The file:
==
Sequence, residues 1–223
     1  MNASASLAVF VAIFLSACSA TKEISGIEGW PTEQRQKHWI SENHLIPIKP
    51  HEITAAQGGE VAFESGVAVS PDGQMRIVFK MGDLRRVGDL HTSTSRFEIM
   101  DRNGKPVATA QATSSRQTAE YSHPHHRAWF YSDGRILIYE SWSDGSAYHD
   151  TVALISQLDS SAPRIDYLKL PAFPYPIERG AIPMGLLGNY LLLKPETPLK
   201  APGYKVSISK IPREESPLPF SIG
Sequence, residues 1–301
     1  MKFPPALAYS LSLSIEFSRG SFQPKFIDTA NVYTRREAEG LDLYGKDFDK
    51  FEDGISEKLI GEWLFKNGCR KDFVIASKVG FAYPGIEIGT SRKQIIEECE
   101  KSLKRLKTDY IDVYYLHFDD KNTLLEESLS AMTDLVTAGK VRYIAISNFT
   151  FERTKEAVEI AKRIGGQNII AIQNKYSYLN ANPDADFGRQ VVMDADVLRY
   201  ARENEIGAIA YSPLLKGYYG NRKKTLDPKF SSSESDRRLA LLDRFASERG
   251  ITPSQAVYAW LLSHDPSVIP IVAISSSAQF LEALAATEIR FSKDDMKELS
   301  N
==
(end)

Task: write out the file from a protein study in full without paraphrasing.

Sequence, residues 1–223
     1  MNASASLAVF VAIFLSACSA TKEISGIEGW PTEQRQKHWI SENHLIPIKP
    51  HEITAAQGGE VAFESGVAVS PDGQMRIVFK MGDLRRVGDL HTSTSRFEIM
   101  DRNGKPVATA QATSSRQTAE YSHPHHRAWF YSDGRILIYE SWSDGSAYHD
   151  TVALISQLDS SAPRIDYLKL PAFPYPIERG AIPMGLLGNY LLLKPETPLK
   201  APGYKVSISK IPREESPLPF SIG
Sequence, residues 1–301
     1  MKFPPALAYS LSLSIEFSRG SFQPKFIDTA NVYTRREAEG LDLYGKDFDK
    51  FEDGISEKLI GEWLFKNGCR KDFVIASKVG FAYPGIEIGT SRKQIIEECE
   101  KSLKRLKTDY IDVYYLHFDD KNTLLEESLS AMTDLVTAGK VRYIAISNFT
   151  FERTKEAVEI AKRIGGQNII AIQNKYSYLN ANPDADFGRQ VVMDADVLRY
   201  ARENEIGAIA YSPLLKGYYG NRKKTLDPKF SSSESDRRLA LLDRFASERG
   251  ITPSQAVYAW LLSHDPSVIP IVAISSSAQF LEALAATEIR FSKDDMKELS
   301  N